What remains to be seen is how cider fits in a beverage market that is increasingly saturated with craft beer and local small-production wines.
American as Apple Pie: The resurgence of artisanal American cider
In America, apple cider is a fixture of country fairs, farmers’ markets and hayrides around the nation. Children dunk apple cider doughnuts into warmed and spiced apple cider in the fall. In the summer, served chilled, it is a refreshingly natural alternative to soda. The ubiquity of sweet cider is such that we forget what cider means to much of the world: alcohol.
In his book The Botany of Desire, Michael Pollan argues that this sanitization of the apple in America is due to Prohibition. “Hard cider,” Pollan writes, “was the fate of most apples grown in America up until Prohibition.” The idea of the apple as a symbol for “health and wholesomeness” was “part of a public relations campaign… by the apple industry in the early 1900s.” While Daniel Okrent does point out in Last Call: The Rise and Fall of Prohibition that “section 29 of the Volstead Act specifically exempted cider,” the fact that today the word cider is defined by children and school field trips to orchards shows that the Women’s Christian Temperance Union was successful in practically eradicating what Pollan calls “the apple… as the American grape, cider [as] the American wine.”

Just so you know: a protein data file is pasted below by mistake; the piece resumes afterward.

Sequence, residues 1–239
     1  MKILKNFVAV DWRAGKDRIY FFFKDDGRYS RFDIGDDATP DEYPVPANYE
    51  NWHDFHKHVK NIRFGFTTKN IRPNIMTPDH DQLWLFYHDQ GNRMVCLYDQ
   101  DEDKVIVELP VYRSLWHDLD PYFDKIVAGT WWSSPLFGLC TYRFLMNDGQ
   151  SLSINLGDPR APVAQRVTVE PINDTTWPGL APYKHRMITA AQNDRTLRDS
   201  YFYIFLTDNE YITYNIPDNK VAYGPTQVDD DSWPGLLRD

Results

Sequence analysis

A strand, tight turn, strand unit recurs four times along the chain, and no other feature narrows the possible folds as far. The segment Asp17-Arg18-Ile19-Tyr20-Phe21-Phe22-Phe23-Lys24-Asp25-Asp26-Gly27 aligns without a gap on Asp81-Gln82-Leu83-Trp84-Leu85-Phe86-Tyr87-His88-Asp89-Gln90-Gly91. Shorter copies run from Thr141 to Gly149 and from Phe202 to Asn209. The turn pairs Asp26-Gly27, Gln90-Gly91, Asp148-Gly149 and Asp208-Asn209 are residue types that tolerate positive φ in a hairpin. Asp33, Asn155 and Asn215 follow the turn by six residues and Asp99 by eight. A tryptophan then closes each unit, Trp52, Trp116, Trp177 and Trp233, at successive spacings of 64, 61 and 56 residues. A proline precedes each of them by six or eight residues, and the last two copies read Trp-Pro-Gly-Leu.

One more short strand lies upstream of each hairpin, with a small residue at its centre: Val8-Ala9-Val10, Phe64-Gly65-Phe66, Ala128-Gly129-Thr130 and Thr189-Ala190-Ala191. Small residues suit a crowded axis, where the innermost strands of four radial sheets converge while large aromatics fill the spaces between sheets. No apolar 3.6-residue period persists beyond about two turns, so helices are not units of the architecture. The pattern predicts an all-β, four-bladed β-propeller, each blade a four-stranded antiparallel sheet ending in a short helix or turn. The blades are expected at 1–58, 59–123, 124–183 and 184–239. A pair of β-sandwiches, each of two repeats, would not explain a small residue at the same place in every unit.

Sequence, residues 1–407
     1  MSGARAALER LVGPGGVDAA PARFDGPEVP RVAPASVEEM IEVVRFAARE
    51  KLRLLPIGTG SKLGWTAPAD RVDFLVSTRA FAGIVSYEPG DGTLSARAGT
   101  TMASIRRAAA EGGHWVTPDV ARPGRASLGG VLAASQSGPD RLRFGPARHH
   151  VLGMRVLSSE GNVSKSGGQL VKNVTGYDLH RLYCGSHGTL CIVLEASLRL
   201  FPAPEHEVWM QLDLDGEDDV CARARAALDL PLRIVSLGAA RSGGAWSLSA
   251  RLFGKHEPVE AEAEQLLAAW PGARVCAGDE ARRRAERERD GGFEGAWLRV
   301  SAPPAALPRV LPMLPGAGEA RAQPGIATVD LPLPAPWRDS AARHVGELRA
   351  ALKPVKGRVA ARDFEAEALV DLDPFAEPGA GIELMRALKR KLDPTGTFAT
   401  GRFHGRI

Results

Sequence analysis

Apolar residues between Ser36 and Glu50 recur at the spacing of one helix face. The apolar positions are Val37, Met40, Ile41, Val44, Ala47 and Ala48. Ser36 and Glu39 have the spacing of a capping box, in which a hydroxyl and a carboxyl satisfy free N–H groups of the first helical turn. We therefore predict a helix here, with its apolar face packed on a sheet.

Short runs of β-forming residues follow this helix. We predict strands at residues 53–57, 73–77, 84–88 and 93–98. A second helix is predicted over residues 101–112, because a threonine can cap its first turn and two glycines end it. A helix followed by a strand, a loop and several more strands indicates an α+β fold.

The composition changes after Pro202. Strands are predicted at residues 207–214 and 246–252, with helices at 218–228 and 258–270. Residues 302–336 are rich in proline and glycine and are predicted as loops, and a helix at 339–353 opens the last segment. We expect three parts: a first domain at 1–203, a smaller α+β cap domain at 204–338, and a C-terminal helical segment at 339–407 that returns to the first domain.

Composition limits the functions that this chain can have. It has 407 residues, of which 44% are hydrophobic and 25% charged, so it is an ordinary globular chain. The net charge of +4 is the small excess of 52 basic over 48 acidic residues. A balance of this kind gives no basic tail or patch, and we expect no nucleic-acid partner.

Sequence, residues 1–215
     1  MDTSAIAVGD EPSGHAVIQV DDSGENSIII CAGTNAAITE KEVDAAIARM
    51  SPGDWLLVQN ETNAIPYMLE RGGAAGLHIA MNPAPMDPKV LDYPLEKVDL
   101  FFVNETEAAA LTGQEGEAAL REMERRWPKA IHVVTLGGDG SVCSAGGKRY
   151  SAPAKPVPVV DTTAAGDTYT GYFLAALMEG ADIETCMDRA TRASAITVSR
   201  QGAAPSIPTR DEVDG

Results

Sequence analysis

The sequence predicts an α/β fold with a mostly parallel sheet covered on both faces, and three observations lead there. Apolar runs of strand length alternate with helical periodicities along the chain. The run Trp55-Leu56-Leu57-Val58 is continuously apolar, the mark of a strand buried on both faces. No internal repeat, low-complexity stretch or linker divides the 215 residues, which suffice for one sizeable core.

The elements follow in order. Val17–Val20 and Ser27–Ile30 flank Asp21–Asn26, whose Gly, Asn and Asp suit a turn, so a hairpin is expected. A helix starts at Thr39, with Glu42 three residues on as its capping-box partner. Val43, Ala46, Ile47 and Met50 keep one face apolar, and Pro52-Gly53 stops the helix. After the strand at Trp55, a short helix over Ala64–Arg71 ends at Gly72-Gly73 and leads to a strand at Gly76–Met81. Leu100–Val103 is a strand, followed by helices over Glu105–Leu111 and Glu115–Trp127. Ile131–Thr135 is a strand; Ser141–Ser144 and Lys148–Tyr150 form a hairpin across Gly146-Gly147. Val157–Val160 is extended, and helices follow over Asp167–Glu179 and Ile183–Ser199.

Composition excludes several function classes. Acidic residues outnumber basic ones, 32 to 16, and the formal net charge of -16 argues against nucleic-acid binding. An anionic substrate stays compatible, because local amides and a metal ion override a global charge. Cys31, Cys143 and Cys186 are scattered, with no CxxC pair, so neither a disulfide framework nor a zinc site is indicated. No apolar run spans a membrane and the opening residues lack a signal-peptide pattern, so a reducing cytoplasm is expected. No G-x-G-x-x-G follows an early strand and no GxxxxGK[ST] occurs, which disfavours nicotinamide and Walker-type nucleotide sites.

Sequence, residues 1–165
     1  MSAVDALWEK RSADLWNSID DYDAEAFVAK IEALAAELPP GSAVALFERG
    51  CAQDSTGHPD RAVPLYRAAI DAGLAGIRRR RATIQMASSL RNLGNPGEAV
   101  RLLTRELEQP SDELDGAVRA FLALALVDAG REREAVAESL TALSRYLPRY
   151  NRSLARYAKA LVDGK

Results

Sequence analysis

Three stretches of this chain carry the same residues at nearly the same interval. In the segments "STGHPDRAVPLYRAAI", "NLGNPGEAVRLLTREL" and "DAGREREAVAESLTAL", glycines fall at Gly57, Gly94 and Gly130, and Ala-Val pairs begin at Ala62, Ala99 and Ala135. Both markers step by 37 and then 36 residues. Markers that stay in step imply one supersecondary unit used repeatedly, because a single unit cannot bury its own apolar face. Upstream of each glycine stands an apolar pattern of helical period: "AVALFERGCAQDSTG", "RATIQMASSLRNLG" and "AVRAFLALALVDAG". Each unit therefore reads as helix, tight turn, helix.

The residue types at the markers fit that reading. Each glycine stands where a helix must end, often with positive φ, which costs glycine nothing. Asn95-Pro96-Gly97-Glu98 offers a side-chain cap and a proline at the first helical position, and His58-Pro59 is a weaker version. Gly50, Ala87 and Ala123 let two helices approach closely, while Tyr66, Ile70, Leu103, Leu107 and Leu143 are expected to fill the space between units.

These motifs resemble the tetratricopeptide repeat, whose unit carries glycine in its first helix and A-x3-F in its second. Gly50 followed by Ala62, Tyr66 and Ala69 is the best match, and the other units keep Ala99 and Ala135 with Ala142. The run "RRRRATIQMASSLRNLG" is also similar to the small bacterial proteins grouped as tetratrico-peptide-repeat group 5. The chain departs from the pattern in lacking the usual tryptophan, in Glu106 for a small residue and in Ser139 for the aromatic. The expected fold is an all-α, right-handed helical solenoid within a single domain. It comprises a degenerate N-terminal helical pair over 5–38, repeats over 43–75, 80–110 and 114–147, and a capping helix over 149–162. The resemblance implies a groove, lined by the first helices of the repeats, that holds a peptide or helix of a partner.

Now, almost 100 years since Prohibition began, hard cider is making a comeback. David Flaherty, Operations Manager of Hearth Restaurant and both Terroir Wine Bars in Manhattan and founder of the blog Grapes & Grains, oversees the beer and cider lists at the bars and restaurant. He believes that “in terms of food-pairing, cider is right on par with wine and beer… [It’s] a tool in any restaurant’s back pocket just waiting to be exploited.”
The beginning of this cider revolution is finding a home among young craft beer enthusiasts. An avid homebrewer and founder of the beer blog I Drunk That, Chris LeHault discovered artisanal cider while shopping for ingredients to make his own beer. LeHault’s search for “a proper alternative” to the “overproduced, sweet ciders” he had tried in the past led him to “really get into it and learn more about artisan American ciders.”
Now that the trend is catching on, places like Farnum Hill Ciders, in Lebanon, New Hampshire, are perfect for wine lovers to begin exploring this reestablished beverage. Cidermaker Stephen Wood (who is, according to Flaherty, “Doc from Back to the Future [if he] played with apple varieties instead of Deloreans”) has crafted ciders that recall the elegance of Champagne: searing acidity buffered by a yeasty brioche nose. The complex Farnum Hill Extra Dry Cider has a concentrated, focused tart fruit with a creamy mousse and pleasant herbal muskiness. And unlike the commercial and cloying ciders that have caused LeHault and many other Americans to initially shun the drink, Farnum Hill’s Extra Dry is actually dry. Bone dry. Their Semi Dry Cider is less sweet than round, with a fuller body and a richer, roasted note. More crabapple than ripe fruit, the Farnum Hill ciders bring Pollan’s “American grape” to the craft beverage competition.